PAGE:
Christmas Consumerism

Today is “Cyber Monday.”  We are being barraged with specials, sales, offers, and other ways to save money.  The ads everywhere we see them are immediate and urgent.  We have just survived “Black Friday,” the day where so many sacrificed Thanksgiving with their families, the hands-on version of the retailer’s dream.  Supposedly, we are tired enough to want to stay home and shop online, or have been forced to return to work after a respite.  Now that the workers are back, they are shopping on the office computers on company time.  What could be better?

Nobody is more frugal than I am.  I very rarely purchase anything at full price.  Now that I’m living poor on social security, I’m not buying much.  I have seen nothing that I need, nothing that I want.  I’ve seen lots of flashy things, lots of bling; lots of solutions for problems that I don’t have.

An old friend who did missionary work in Brazil once told me that the people with whom she worked didn’t realize they were “poor” until they got American television.  This simple statement took me aback and made me think about how consumerism affects our lives.  There are legions of people whose jobs are to analyze us and market to us.  Sight, sound, touch, scent, taste are all wrapped into a psychological profile.

When I was growing up, my dad worked and my mom stayed home, though she did tailoring to supplement the family income.  My folks raised five kids, sending them to Catholic school on dad’s salary from the post office.  We had one car and lived close to the post office so dad walked to work.  We rarely used the car anyway.  We lived in town where we could walk to the grocery store, the movies, and to school.  The high school did not have a parking lot.  There was no cable TV and there were no cell phones or internet.  The hardware store in our town had a toy section on the third floor (no elevator) and mom put things on lay-a-way in the weeks before Christmas.  No interest.  The local stores were glad to have her business.  In our stockings, we received, as had generations before us even back to the “old country,” a huge orange, a huge apple, and some nuts and candy.  photo (23)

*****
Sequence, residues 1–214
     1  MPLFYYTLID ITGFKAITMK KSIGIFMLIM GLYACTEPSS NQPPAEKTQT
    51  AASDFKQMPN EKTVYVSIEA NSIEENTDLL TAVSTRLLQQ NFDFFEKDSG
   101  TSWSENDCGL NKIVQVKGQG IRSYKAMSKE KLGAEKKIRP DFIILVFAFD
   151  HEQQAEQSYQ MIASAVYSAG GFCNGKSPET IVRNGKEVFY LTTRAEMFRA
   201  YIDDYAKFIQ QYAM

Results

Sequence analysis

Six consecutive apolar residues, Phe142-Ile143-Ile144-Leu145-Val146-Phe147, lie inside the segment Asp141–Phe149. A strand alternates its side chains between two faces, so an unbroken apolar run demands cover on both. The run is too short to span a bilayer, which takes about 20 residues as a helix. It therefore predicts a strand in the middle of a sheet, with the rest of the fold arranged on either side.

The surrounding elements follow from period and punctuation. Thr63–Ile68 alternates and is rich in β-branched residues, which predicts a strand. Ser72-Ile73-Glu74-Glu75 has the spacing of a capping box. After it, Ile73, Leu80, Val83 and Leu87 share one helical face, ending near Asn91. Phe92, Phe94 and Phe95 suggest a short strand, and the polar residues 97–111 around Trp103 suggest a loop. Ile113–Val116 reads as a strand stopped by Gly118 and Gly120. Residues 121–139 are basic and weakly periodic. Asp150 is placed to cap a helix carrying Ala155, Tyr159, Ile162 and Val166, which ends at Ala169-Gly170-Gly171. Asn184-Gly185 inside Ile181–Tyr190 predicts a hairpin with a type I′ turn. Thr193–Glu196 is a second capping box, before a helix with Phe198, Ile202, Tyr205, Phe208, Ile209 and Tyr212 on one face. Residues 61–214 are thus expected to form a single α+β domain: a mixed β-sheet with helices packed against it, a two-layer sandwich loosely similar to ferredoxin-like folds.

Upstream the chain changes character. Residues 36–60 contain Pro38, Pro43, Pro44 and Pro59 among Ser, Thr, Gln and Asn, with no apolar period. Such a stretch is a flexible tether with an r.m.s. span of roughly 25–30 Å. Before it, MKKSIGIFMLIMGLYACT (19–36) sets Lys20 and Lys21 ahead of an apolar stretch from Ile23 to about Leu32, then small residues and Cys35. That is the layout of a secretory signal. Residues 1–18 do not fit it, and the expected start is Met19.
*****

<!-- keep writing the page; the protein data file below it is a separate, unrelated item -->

Agreed, the times have changed and in many ways for the better.  We have luxuries we never had before available to everyone except the poor.  Even the poor can have a basic cell phone through services such as Safe Link, which is a great thing.  Cable companies (e.g., Comcast) will help families with children obtain computers and basic connections.

I’m not saying we should go back to the 1950s or the 1960s, but I think we should put more thought into what we buy.  So often, we buy meaningless things that waste our precious resources.  It’s not necessary to buy gifts for everyone we can think of.  Often, people feel the need to reciprocate when it is difficult for them to do so.  I have learned that if I receive something unexpectedly, a simple heartfelt “thank you”  and a smile is really all that’s necessary.  I love to pick little things up throughout the year that I know someone will love and save them for the holidays:  little Lalaloopsy dolls for my granddaughters, a baking set for my chef-to-be grandson.  Sometimes, I knit them sweaters or scarves and remind them that these are “hugs” from grandma each time they put them on.

When my own kids were small, they’d get new socks and underwear every year so there would be extra boxes to open.  In their 30s now, they expect it and would be disappointed if I forgot.  After all, what feels better than a brand-new pair of socks?

I won’t be shopping this Cyber Monday, but I’ll start looking for some great underwear sales soon.

(The photograph in this post is the Thursday – Thanksgiving Day – Chicago Tribune.  We only get the paper on Sunday so this one was a surprise “gift” paper.  The small 1/2″ section in the front is the actual news part and the larger 4″ section in the back is the Black Friday ads.)

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